monitoring carbon monoxide and oxygen for coffee roasting and packagingRoasting Protection. Aroma Protection. You Get Both From SICK.

The GM901 gas analyzer monitors carbon monoxide during the roasting process, thus preventing potential explosions which could be caused by high concentrations of gas in the roaster. And thanks to laser technology, it is possible to measure oxygen quickly and accurately on the packaging machine itself – the proof is in the pudding, or the coffee in this case.

When roasting, maximum concentration is required. With industrial roasting processes, the temperatures vary between 200 and 280 °C depending on the product, degree of roasting, and desired roasting color. When the coffee beans are dried during the roasting process, CO2 and CO are given off alongside water and oils. As the roasting process continues, particularly with batch roasters, the CO concentration can increase so sharply that there could be a risk of deflagration or even an explosion, which could destroy the roaster beyond repair. To avoid this, using dynamic measurement to track the CO concentration is recommended.

This will mean that the roasting process can be stopped in good time. The GM901 gas analyzer measures carbon monoxide opto-electronically and calculates the CO concentration in mg/m3 or ppm. A purge air unit protects the optical interfaces on the sender and receiver unit from dust and dirt.

The short response times that result from the quick in-situ measurement and the minimal maintenance requirements make the GM901 gas analyzer the obvious choice. And with this type of measurement, the product has really proven itself when it comes to protecting people and roasting equipment, reducing production downtime, and monitoring the roasting process – and, of course, the product quality.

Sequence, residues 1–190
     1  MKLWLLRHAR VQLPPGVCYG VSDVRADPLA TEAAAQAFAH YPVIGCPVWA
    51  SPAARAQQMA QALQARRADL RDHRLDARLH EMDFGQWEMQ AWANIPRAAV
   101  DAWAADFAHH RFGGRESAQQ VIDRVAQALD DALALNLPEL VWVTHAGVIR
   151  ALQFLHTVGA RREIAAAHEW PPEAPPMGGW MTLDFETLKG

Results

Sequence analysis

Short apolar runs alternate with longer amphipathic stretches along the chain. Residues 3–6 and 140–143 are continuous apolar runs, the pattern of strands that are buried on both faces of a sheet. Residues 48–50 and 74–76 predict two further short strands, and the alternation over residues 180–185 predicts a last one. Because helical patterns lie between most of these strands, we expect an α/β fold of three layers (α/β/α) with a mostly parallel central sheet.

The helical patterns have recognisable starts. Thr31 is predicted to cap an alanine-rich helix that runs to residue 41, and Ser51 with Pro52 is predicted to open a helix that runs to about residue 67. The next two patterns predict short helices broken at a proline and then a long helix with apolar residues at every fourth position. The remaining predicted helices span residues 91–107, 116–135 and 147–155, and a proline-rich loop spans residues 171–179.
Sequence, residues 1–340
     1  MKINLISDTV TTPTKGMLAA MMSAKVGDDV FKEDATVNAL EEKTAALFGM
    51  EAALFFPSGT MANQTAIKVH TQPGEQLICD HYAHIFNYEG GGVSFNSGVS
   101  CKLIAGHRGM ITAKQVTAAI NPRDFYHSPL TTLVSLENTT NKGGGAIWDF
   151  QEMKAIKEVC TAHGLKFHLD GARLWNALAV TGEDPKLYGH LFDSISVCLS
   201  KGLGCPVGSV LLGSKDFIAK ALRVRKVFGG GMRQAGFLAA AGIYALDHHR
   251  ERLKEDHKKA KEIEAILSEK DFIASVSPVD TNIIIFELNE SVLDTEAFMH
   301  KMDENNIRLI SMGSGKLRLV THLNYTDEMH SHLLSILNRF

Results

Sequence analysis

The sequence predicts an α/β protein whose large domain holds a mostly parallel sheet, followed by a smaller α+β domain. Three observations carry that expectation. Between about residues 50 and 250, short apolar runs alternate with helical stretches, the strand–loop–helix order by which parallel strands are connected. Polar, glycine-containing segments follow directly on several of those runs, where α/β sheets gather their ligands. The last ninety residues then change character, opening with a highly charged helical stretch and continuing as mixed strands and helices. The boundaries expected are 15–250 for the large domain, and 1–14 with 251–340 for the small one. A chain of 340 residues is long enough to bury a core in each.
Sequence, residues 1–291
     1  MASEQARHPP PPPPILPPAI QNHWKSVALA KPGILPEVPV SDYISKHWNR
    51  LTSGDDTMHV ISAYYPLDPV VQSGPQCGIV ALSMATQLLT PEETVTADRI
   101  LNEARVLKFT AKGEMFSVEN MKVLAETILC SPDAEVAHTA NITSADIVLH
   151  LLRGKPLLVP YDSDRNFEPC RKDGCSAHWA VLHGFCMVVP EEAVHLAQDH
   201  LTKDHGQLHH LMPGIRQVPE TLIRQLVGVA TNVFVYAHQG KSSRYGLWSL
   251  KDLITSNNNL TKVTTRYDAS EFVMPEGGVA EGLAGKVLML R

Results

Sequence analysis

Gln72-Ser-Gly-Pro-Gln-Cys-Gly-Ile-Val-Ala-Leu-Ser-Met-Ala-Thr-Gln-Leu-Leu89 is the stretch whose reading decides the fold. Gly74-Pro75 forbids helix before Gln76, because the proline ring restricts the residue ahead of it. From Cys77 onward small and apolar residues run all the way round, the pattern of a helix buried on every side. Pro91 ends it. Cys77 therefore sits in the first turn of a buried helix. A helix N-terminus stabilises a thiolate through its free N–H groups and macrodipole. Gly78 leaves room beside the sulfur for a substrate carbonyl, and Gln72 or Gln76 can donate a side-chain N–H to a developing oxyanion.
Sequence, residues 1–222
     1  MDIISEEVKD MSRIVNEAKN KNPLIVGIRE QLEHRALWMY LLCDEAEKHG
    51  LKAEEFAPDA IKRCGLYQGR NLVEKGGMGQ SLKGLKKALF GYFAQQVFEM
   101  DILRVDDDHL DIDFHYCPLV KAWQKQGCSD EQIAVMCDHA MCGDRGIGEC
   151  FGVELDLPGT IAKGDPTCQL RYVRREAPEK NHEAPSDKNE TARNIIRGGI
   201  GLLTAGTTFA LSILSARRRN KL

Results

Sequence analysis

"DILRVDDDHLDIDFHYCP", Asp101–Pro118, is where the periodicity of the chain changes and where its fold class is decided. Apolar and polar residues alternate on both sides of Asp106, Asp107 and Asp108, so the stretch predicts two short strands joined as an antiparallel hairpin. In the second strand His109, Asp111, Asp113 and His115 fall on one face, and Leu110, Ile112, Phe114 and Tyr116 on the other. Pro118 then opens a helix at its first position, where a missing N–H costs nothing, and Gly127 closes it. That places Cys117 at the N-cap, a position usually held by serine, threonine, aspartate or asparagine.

The Aroma Must Stay in the Packaging

monitoring carbon monoxide and oxygen for coffee roasting and packagingIt is important to remember that the taste also depends on the packaging.  Oxygen must be removed from the coffee packaging as the taste will inevitably be lost if the oxygen content is too high.

The TRANSIC111LP laser oxygen transmitter from SICK makes light work of this inertization process thanks to its quick and accurate laser oxygen measurement capabilities. It measures the oxygen content directly on the packaging machine and nitrogen is added as an inert gas. Nitrogen is expensive. Adjusting the system manually with inaccurate measurements is very inefficient and costly.

Ideally, the process should be monitored so that it can be controlled appropriately. This can only be done when the oxygen measurement process provides quick and accurate results.

Compared to electrochemical measurement cells, the TRANSIC111LP with laser technology performs outstandingly well. The rugged laser oxygen transmitter is easy to integrate. The O2 is measured accurately without noticeable time delays, errors, or alarms. The rapid measured value display ensures the nitrogen is controlled reliably, automatically, and without the need for any additional manual interruptions, whereas the process of measuring with the electrochemical cell had to be given much more attention.

With the TRANSIC111LP from SICK, nitrogen can be saved and maintenance costs will be lower. The transmitter is nonwearing, does not have any mechanical parts, and functions without consumables. In addition, it features outstanding tightness, meaning that incorrect measurements can be avoided – much to the astonishment of the operating personnel, who have had very different experiences in the past with electrochemical